* The greatest Space Age discovery about Uranus was made in 1977, not from a spacecraft but rather with a telescope mounted in a high-altitude jet aircraft, the Kuiper Airborne Observatory. Like many great discoveries, it was entirely unexpected, and the scientists were looking at Uranus for something entirely different. They intended to study Uranus' atmosphere by measuring the light from a distant star as the planet passed slowly in front of it. What happened was that the star seemed to flicker on and off several times, long before and long after the planet had passed in front. The only explanation was that Uranus like Saturn and now Jupiter has rings! The planet is surrounded by at least five and perhaps nine rings. The rings are dark, thin, narrow, and invisible from Earth, but they were thick enough to block out the light from the star.
* Uranus had its first visitor from Earth. The spacecraft Voyager 2 followed a path that took it past Uranus in 1986.
* The dark rings of Uranus were covered by telescopic observations from a NASA aircraft in 1977. The thin narrow rings, composed of dark particles, are invisible from Earth. They were discovered when they blocked the light of a distant star on a night when Uranus passed in front of it. The rotation axis of Uranus lies almost in the plane of its orbit around the Sun, so the ring system (in the plane of the planet's equator), appears like a gigantic bullseye as Uranus rolls around the Sun.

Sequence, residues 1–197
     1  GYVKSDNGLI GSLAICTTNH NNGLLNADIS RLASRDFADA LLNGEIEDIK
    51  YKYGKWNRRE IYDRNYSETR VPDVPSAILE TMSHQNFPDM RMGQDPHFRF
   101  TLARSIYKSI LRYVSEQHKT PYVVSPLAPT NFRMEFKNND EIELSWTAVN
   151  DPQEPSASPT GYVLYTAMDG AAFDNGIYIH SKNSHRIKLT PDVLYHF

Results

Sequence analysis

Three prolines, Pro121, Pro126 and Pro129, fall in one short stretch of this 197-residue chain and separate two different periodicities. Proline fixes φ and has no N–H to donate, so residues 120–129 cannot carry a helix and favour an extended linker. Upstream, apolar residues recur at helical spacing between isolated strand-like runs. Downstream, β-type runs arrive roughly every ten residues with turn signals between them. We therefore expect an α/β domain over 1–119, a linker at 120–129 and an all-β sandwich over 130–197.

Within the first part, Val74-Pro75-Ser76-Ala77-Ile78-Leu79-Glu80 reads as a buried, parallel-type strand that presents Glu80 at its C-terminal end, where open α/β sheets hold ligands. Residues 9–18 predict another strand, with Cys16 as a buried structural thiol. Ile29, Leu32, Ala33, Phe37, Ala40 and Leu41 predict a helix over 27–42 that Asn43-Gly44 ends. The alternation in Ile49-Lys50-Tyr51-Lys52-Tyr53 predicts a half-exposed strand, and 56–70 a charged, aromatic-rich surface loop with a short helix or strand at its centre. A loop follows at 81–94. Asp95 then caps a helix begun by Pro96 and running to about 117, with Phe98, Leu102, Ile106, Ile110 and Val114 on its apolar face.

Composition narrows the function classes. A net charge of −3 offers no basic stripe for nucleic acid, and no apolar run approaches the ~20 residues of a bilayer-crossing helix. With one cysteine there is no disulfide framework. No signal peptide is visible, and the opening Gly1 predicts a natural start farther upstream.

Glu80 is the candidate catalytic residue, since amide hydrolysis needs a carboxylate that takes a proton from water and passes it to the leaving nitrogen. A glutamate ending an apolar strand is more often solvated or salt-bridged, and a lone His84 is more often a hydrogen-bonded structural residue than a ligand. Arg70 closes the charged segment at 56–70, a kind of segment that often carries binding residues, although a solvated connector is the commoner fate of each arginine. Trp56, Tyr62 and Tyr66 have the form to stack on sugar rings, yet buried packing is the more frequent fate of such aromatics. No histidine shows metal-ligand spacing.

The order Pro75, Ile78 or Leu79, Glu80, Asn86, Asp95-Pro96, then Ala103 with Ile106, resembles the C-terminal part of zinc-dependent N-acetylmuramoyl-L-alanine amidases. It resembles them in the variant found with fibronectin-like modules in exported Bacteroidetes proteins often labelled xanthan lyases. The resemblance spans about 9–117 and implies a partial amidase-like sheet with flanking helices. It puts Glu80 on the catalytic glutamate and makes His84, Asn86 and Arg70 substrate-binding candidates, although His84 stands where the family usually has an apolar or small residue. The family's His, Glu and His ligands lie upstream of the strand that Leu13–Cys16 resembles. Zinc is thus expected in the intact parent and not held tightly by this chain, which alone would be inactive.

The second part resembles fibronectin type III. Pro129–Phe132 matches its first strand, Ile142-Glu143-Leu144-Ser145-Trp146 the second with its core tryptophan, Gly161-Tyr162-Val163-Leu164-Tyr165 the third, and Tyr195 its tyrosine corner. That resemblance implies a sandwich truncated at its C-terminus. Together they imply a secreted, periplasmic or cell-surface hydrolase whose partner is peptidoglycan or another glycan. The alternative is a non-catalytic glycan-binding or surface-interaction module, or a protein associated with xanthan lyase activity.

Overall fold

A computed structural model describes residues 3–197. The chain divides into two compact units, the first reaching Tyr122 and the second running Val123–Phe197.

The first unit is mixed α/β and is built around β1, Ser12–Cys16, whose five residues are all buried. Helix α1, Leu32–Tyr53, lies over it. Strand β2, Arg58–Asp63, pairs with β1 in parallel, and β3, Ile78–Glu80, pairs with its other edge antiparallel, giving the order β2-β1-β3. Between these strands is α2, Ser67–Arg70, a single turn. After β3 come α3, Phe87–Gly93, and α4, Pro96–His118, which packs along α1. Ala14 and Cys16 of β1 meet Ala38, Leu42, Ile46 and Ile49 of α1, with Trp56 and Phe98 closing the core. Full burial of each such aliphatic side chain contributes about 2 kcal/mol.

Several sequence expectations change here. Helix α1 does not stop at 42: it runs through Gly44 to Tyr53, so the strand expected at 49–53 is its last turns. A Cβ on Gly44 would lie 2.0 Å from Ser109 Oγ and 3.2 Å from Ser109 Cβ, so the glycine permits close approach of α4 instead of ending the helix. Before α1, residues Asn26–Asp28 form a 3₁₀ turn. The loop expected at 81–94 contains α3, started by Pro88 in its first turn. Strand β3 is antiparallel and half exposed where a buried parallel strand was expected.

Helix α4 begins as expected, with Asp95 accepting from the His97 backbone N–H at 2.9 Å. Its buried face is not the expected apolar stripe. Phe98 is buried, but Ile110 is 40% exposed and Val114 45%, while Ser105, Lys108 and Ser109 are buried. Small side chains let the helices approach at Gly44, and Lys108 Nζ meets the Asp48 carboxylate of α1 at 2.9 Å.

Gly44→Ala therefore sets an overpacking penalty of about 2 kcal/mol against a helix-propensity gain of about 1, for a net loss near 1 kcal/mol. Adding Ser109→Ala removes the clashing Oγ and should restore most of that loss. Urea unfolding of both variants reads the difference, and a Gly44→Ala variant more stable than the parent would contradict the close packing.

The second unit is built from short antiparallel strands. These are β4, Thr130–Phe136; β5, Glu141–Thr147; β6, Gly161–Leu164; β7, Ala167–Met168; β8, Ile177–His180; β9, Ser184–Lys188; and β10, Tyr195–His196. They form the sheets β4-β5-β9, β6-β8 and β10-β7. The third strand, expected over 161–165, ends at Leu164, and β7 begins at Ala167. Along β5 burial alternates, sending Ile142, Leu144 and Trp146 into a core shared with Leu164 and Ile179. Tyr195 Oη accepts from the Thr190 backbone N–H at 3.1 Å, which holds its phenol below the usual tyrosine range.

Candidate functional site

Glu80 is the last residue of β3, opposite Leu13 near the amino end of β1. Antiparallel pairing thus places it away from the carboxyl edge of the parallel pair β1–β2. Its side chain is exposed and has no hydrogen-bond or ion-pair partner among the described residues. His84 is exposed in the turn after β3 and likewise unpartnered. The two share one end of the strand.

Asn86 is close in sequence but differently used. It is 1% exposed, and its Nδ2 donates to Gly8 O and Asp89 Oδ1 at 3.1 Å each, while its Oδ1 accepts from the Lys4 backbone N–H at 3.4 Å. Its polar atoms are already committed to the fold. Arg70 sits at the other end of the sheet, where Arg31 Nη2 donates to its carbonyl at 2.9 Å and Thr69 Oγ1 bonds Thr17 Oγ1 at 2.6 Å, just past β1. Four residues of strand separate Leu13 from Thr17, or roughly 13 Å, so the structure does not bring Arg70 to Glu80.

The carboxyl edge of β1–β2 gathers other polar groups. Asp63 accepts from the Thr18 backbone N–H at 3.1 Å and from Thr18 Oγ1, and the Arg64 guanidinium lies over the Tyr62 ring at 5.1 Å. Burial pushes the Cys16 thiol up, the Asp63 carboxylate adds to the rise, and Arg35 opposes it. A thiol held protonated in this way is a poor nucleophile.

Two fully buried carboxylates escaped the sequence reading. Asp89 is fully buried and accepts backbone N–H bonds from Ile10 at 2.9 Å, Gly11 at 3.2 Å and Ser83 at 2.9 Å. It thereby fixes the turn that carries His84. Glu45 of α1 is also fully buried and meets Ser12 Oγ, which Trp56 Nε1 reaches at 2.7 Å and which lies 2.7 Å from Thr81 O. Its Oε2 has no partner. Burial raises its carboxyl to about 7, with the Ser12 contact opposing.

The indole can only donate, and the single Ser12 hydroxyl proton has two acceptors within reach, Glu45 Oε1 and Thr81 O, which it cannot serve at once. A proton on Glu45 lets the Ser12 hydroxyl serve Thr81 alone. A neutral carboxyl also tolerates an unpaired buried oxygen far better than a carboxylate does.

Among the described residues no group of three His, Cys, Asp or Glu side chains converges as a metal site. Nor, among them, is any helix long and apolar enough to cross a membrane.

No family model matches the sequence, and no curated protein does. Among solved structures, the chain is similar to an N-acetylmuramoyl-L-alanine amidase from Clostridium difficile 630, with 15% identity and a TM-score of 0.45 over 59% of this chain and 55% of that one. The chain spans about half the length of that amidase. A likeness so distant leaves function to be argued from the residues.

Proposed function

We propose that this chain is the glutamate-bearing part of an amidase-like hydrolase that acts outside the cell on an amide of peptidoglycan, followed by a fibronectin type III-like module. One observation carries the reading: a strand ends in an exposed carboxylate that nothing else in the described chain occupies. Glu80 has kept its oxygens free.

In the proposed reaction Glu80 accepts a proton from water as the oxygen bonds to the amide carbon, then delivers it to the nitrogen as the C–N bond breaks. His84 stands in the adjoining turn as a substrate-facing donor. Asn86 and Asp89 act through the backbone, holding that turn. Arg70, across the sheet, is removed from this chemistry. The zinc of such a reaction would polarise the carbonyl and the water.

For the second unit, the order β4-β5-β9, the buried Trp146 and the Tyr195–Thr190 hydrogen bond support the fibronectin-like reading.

* Uranus is named for the father of Saturn and grandfather of Jupiter.
* Uranus' symbol is the sign used for the metal platinum.
* This is the seventh planet from the Sun.
* Uranus is the third largest planet in our solar system.
* William Herschel discovered Uranus in 1781.
* Uranus circles the Sun every 84.01 Earth years.
* One day on Uranus is 17 hours, 14 minutes, and 24 seconds long.
* The gravity of Uranus is .86 of Earth's gravity.
* Uranus is one-fifth denser than Earth.
* The diameter of Uranus is 32,116 miles.
* Uranus is 19 times Earth's distance from the Sun.
* Uranus' bluish-green color is caused by methane gas (natural gas).
* Uranus' atmosphere is made up of helium, hydrogen, and methane.
* Uranus has 15 moons (which are named for characters from famous plays). A. Cordelia F. Rosalind K. Miranda B. Ophelia G. Portia L. Ariel C. Bianca H. Cressida M. Umbriel D. Juliet I. Belinda N. Titania E. Desdemona J. Puck O. Oberon
* Uranus is tipped-over on its side.
* Communication to Uranus takes about 2 hours and 45 minutes.
* Voyager 2's flyby of Uranus took place in January 1986.
(NASA, Jet Propulsion Laboratory, "Our Solar System at a Glance," NASA Information Summaries, PMS 010-A (JPL), June 1991.)
In January 1986, four and a half years after visiting Saturn, Voyager 2 completed the first close-up survey of the uranian system. The brief flyby revealed more information about Uranus and its retinue of icy moons than had been gleaned from ground observations since the planet's discovery over two centuries ago by the English astronomer William Herschel.